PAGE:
By: Trevor H. Cooley
Publish Date: March 10, 2014, Audiobook Release January 29, 2016
Format: Audiobook - 11 hrs 35 mins
Narrated By: Andrew Tell
Series: 1st Book in Jharro Grove series, 6th Book in The Bowl of Souls series
First Impression: Sometimes finding and accepting yourself is the hardest journey.
A Bowl of Souls Novel
The war is over, but there is a void of power that must be filled and no shortage of souls eager to fill it.
Tarah Woodblade was the best guide and tracker in the land, but she ran away from the war. She returns to Dremaldria expecting to be labeled a coward, but finds herself lauded as a hero. It seems a hero is needed too, because someone is hunting rogue horses . . .
"Shh. Yer gonna be alright, Puppy," said Lenui Firegobbler softly as he stood in front of the rogue horse, its bridle in his hands.
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My Thoughts and Summary:
*This audiobook was provided by the author, narrator, or publisher at no cost in exchange for an unbiased review courtesy of AudiobookBlast dot com, at my request.
The land of Dremaldria has been ever changed due to the war. It's over now, and people try to rebuild.
Tarah returns to her home land expecting to be seen as the coward who ran from the war. She hopes, the guild will accept her because she's one of the best trackers around. When she returns home she finds the exact opposite. She's viewed by the people as a hero.
Tarah had taken what appeared to be a magically spelled sword from a bandit on her way to Sampo. With no post of someone looking for it, Tarah agrees to take it to the Mage School for a finders fee. And while on her way there, she agrees to take an easy job of escorting a couple and their son to the school. Easy money... right? Tarah sees the tracks to a rare, unbelievable beast but keeps moving with the family. At the Wizard Academy, Tarah's asked to be a specialist on a contract job. To help track a Rogue horse. For the money and easy sound of the job, she takes it.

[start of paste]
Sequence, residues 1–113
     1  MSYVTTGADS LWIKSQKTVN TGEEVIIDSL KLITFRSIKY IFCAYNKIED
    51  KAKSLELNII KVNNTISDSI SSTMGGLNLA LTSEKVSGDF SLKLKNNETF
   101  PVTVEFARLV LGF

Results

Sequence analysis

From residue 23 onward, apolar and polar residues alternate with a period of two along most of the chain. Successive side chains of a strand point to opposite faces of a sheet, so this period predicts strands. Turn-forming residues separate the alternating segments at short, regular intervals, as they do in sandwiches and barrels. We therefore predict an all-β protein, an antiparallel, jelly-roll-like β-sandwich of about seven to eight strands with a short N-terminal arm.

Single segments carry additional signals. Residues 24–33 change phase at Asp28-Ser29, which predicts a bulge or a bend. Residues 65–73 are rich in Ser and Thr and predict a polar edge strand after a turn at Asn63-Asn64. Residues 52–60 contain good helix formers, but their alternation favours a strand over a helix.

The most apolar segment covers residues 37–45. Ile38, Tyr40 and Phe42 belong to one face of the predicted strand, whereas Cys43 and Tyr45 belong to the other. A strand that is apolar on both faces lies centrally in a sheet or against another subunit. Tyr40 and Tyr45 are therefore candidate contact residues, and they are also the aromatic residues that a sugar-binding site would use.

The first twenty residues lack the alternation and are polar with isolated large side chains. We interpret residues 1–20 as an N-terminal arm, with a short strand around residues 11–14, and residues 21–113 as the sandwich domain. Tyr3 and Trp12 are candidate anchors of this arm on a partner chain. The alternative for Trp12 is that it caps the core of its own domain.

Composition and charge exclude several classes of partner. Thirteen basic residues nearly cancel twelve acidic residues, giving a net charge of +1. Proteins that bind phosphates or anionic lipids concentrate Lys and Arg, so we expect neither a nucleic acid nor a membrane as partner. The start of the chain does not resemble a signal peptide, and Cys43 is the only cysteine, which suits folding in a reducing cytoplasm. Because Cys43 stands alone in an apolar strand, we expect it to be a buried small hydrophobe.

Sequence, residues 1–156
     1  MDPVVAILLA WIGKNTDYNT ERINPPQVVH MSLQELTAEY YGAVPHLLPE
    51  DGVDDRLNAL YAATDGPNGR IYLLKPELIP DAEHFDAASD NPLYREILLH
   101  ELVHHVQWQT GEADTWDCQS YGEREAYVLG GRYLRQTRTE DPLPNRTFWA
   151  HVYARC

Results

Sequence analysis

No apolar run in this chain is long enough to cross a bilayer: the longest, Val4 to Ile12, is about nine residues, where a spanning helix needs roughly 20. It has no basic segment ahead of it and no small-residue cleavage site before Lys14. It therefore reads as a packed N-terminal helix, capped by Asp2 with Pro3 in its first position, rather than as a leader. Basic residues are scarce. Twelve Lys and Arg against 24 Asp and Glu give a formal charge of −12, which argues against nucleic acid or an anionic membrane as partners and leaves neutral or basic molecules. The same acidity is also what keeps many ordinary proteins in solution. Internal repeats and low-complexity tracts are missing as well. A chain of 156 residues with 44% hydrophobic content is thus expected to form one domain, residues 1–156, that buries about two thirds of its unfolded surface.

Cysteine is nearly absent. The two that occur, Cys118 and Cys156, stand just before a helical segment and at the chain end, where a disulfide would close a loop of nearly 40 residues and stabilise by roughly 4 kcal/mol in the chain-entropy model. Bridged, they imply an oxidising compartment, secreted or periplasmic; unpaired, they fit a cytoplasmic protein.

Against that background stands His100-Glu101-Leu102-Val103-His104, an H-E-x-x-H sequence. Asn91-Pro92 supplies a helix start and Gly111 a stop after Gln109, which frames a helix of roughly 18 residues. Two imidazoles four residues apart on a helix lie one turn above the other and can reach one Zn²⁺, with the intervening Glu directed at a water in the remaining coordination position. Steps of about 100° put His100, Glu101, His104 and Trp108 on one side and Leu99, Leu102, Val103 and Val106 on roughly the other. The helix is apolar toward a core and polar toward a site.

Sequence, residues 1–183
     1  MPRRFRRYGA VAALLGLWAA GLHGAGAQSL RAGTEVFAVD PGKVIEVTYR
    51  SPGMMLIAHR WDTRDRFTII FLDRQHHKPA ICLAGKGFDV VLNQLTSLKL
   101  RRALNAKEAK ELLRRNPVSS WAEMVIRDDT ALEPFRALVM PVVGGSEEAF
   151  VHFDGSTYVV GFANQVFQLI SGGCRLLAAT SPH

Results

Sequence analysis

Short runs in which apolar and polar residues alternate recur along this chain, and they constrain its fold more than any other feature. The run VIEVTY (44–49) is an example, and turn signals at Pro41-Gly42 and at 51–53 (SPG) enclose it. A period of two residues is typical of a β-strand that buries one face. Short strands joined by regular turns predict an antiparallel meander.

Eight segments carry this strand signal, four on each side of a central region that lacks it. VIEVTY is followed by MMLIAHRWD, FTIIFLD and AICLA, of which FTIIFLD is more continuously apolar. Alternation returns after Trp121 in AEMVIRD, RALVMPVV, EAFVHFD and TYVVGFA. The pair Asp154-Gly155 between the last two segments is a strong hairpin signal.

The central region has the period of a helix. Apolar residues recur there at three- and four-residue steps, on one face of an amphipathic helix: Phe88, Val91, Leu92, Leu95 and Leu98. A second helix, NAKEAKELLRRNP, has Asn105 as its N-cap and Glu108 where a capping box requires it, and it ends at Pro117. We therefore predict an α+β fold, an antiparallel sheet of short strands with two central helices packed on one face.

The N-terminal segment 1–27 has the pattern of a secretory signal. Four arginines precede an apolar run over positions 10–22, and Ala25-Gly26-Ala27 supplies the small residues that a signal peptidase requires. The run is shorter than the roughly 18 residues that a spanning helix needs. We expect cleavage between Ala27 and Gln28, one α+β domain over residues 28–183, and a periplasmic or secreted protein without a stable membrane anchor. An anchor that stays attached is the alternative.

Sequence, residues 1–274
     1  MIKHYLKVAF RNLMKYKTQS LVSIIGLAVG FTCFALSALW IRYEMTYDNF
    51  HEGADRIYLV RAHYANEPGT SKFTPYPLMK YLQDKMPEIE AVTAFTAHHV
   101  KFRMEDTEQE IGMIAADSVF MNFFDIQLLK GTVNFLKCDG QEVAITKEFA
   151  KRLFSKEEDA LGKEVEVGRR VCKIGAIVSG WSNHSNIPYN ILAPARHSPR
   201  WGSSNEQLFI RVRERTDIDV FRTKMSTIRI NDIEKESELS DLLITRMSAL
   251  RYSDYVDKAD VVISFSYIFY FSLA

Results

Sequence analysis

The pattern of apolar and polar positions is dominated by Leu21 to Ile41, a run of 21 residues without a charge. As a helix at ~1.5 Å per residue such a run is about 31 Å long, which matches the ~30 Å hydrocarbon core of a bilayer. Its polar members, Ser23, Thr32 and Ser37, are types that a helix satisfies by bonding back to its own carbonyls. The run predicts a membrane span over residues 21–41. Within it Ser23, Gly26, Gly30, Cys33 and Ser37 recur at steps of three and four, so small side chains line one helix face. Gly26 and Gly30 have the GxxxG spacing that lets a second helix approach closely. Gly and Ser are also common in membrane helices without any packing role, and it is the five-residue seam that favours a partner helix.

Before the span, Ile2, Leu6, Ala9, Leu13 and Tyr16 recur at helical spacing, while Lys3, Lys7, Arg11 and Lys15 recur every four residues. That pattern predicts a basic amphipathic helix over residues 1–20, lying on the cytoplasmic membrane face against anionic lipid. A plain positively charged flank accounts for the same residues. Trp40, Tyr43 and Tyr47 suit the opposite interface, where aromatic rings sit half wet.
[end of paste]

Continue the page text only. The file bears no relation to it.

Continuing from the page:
I've grown to really like background music when narrators read the title page of a book. Sets the mood for what's to come. Andrew is a narrator I've listened to and enjoyed. When I see a book in the genre I enjoy, I have to have it. This book holds true to his fantasy narrations. He does different tones and emotions for each character, making them distinct for us. I do enjoy his different inflections and timber for individualizing the characters. His voice is clear and easy to listen to.
Tarah knows what she did when the war was happening. She ran. People died. She wasn't here to help them. And it all weighs on her mind because they think her a hero for what she did in Pinewood. Tarah also has her Papa and Grampa Rolf in her mind reminding her how she should act and what she should do. They are like her conscious.
There's Djeri. He becomes Tarah's travel companion, co-worker in a sense. But Djeri the Looker becomes much more than just that to Tarah. They both start to realize it as they are there for each other through this travel and obstacles of threats. I like how this relationship evolves through the book.
When we meet Arkon I'm caught by him. It's a quick intro to him and Melinda. Their connection is a unique one here in this world, and I'm getting the feel an unwanted one. The magic and assassins sent after them are wild. I love it! Arkon is a mage and has his own tricks. I'm thinking he might be my favorite character but because of the mystery surrounding him.
I've not read or listened to any of The Bowl of Souls series, though I'm wanting to. I've started in with this book with fresh eyes. I'm not aware of the ways of this world or the war that has ravaged the lands, but it was easy to understand the world. Tarah is even haunted by her past during the war, those that she didn't save and how she ran. It leaves a mysterious feel to Tarah and keeps me wondering the whole story with her past, keeping me listening to learn.
There is a moral to the story, it's tied to Tarah struggling with who she is. She doesn't understand who's inside because she's left other people's thoughts of her affect her. She comes to learn from Djeri, who becomes dear to her, that she's who she is through actions not what people think of her. This is a strong lesson for Tarah, and what readers can take from the story too.
The epilogue introduces new characters and new troubles to be followed in the next book. I'm curious how this will cross with Tarah Woodblade's next mission, which we know of by how this book ends.
**If you found my thoughts helpful, please click Yes at Amazon and/or Audible. Thank you!